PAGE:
> It would have been SO much more honest to award Julian Assange the Nobel Peace Prize based on these criteria

      Nice point, well-made, I haven’t read about those Nobel awards yet. I’m scratching my head to think of the last Nobel Peace Prize award that wasn’t hard to explain. The ones that leap to mind are Kissinger, Aung Sang Suu Khyi, The EU, Barak Obama, and Shimon Peres/Yitazakh Rabin/Yasser Arafat. [Yes, I picked out bizarre ones]

  • Republicofscotland

    More power to you, however I doubt a ring of bodies around parliament will change the minds of those who want to extradite Assange, a million plus didn’t stop the illegal war in Iraq, and the corporate media will be scathing if the ring doesn’t meet at both ends.

    As for the Yestival its cancelling by Police Scotland and whoever else further up the chain of command, so as not to draw attention away from the Ruritanian bollocks that was the royal state funeral, is another sign of what’s more important to the House Jock gatekeepers in Scotland.

    Nice piece of music, I’m more of a Carnival of Animals (The Swan) man myself.

  • dearieme

    I doubt that protesting at the abysmal treatment of Assange will achieve much. What you need is some “material” that might be used to persuade the US Feds to back down. The obvious possibilities include undeniable evidence of (i) Biden’s personal corruption, or (ii) vote-rigging in the last presidential election that changed the result, or (iii) proof that it was the USA that punctured Putin’s pipelines.

    In other words you need some bargaining material. Is there really no whistle-blower anywhere who might provide the required info?

    It sounds a very long shot but I wonder whether Donald J Trump has anything useful in his presidential papers.

    • Stevie Boy

      Unfortunately the fact is that Biden could appear on TV biting the heads off babies and it wouldn’t affect things one jot. It’s obvious that he has mental issues, it’s obvious that with his son he’s corrupt, how much evidence do we need ?
      It was exactly the same with Boris Johnson – they can do what they want as long as the establishment is protected.

      • Lysias

        Garland Nixon was on George Galloway’s show today. He (Nixon) seems to expect a Republican landslide in next month’s midterms, partly because of gasoline prices, but also because of recent developments having to do with the war in Ukraine. Americans were apparently spooked by recent comments by Zelensky and Biden about nuclear weapons. And now Trump has called for negotiations to end the war.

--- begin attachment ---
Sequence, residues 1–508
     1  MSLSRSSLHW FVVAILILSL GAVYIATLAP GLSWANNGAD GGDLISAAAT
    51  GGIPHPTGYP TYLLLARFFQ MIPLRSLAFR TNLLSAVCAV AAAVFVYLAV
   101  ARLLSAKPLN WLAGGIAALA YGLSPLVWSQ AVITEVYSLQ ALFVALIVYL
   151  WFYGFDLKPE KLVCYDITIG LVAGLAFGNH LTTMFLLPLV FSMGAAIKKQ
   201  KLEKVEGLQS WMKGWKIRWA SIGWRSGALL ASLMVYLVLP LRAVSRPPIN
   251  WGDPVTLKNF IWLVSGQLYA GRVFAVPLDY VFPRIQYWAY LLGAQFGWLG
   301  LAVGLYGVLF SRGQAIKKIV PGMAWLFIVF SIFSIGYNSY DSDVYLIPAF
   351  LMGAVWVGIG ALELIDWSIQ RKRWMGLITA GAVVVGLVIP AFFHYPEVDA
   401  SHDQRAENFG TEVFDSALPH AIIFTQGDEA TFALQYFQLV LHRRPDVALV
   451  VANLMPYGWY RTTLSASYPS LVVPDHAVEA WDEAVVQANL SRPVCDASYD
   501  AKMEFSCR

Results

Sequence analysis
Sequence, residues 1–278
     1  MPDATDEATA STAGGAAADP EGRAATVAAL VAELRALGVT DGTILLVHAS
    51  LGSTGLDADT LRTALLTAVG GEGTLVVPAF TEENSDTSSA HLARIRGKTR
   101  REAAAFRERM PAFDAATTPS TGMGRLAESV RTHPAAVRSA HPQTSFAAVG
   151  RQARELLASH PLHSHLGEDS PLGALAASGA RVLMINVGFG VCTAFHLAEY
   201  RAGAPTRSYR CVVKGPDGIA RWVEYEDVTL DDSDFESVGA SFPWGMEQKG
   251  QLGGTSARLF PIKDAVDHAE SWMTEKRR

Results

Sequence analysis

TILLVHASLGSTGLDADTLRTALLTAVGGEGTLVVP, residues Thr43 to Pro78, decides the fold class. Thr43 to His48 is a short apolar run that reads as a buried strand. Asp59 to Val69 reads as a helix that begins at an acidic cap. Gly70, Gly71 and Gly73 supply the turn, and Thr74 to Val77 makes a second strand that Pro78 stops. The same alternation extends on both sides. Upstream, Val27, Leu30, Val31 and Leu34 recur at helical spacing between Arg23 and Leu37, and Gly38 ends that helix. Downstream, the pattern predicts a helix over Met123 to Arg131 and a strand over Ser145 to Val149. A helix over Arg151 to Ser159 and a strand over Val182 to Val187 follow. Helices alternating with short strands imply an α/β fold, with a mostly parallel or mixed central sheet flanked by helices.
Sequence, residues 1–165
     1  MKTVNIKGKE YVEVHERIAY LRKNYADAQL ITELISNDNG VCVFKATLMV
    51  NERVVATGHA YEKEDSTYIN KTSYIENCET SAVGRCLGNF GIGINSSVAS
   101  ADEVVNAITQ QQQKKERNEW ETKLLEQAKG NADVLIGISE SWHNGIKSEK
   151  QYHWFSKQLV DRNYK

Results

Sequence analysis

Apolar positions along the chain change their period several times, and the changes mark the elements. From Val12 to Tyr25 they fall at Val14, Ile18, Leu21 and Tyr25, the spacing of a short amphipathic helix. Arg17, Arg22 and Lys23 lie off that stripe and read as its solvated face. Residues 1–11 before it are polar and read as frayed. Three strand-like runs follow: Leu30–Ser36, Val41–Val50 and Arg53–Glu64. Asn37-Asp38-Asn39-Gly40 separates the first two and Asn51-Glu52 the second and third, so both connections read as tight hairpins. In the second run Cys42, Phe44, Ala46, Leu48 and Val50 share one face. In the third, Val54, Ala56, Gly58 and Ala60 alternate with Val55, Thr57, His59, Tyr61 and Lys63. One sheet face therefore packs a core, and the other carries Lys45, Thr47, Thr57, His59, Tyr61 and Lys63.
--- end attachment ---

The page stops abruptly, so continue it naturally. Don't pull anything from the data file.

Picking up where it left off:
• RT Happe

    If the concert is going to be recorded, your cold might enable you to sneak in a cough or sneeze marking that special moment permanently. Needless to recommend pianissimi for that purpose since those seem to be respiratory irritants all by themselves.

  • JeremyT

    not important enough (me, that is) to fly, no trains.. so I’m surrounding Parliament from 300 miles away, wearing my ‘Assange is a political prisoner’ T shirt and attending local media events.
    I might try watching Collateral Murder in solidarity but I can’t get much beyond the first burst of gunfire that trashes the Reuters photographers nowadays. I imagine there are some in that outfit working to get today’s message out.
    Thoughts with Julian today.

  • Funn3r

    I feel somewhat mean-spirited for bringing this up but symphonies and stuff were what I was force-fed as child and I still thoroughly hate them. Growing up as poor Northern England working class I had of course never heard of St. Saens and his mates but it was made clear to me in the back row at school that classical music was the real deal and although I was obviously too thick to appreciate it I should still grit my teeth and listen through the dirges to their completion.